About the CAAASF

The Canadian Association for Accreditation of Ambulatory Surgical Facilities (CAAASF) is a national organization formed in 1990 to ensure that surgical procedures done outside a public hospital are performed safely and carefully.

It is a voluntary organization of doctors some of whom are members of the CSAPS. CAAASF members have chosen to have their facilities inspected by their colleagues because they want their patients to have the assurance of a safe alternative to in-hospital surgery.

Anyone considering having cosmetic plastic surgery in a Canadian private surgery facility should ask if the facility is listed with the CAAASF.

The aim of the Canadian Association for Accreditation of Ambulatory Surgery Facilities is threefold: to establish facility and equipment guidelines that member facilities must meet before being certified; to designate appropriate qualifications for individuals working in an ambulatory surgical facilities; to ensure that these standards are maintained in the day-to-day operation of the facility ( In-House Quality Assurance Program ).

Surgery today requires sophisticated instruments and monitoring devices. In a CAAASF accredited facility, procedures are performed in a modern operating suite with equipment necessary to ensure the safest possible operating conditions. Proper space for the safe evacuation of patients in the event of fire must be assured. Emergency electrical power must be available in case of
power failure to allow surgery to continue safely. A CAAASF accredited facility meets and may exceed, the same standards of safety and patient care as those required in a hospital outpatient unit. An accredited facility provides you with a safe environment specifically designed to accommodate your surgical needs.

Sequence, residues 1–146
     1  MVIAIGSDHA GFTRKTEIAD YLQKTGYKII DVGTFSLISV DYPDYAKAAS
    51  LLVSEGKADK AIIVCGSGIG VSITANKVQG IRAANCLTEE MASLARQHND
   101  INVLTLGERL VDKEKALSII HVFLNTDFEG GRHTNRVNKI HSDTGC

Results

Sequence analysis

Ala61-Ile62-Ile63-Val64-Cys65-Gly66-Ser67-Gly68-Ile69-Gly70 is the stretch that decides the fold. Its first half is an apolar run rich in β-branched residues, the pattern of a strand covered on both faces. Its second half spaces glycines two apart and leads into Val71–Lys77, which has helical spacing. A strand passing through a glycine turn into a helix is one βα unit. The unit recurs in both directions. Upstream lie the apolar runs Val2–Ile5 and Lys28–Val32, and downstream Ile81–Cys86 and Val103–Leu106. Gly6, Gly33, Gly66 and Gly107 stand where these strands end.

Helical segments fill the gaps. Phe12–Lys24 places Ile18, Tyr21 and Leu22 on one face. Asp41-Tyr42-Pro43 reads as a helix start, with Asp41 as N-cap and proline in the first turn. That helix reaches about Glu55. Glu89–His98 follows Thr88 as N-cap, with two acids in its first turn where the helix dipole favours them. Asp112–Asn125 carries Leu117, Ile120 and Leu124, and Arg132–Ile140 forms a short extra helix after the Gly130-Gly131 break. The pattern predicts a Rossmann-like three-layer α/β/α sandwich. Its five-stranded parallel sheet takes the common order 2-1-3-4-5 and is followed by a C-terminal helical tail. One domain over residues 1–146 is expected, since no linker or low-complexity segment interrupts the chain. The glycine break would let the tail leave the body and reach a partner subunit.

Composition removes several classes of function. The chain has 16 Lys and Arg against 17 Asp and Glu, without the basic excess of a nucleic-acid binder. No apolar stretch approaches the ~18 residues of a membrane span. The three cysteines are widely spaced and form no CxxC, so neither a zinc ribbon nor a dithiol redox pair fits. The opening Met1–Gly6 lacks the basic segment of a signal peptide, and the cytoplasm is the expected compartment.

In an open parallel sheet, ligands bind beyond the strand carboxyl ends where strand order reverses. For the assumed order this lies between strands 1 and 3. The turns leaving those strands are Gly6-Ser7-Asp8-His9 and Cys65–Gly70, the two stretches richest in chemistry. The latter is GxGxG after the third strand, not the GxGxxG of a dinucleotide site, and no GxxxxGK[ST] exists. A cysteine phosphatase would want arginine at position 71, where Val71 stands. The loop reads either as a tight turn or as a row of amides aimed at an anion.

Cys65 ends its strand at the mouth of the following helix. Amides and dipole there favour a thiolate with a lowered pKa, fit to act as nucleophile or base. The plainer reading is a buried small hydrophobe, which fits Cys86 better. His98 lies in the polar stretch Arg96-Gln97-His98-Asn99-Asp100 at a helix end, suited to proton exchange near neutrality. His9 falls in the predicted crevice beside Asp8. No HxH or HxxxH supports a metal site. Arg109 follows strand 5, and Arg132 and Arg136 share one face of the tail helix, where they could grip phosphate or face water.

All surgery performed in a CAAASF facility must be done by a fully qualified surgeon certified by the Royal College of Surgeons of Canada. He or she must be eligible to perform the same surgical procedures in an accredited hospital.

This protects the public from surgeons doing procedures for which they are not qualified to perform. The assisting personnel must be appropriately certified for their role in an accredited facility, just as they would in a government hospital. In those facilities offering procedures done under a general anaesthetic, a certified anesthesiologist must give the anesthesia.

To maintain accreditation, member facilities must provide evidence that the standards set out by CAAASF are adhered to in the day-to-day workings of the surgical unit. This is accomplished by written reports and periodic inspections.

The entire aim of the Canadian Association for Accreditation of Ambulatory Surgical Facilities is to protect the public from potential problems that could arise because surgical procedures were done in a place improperly equipped for a given procedure.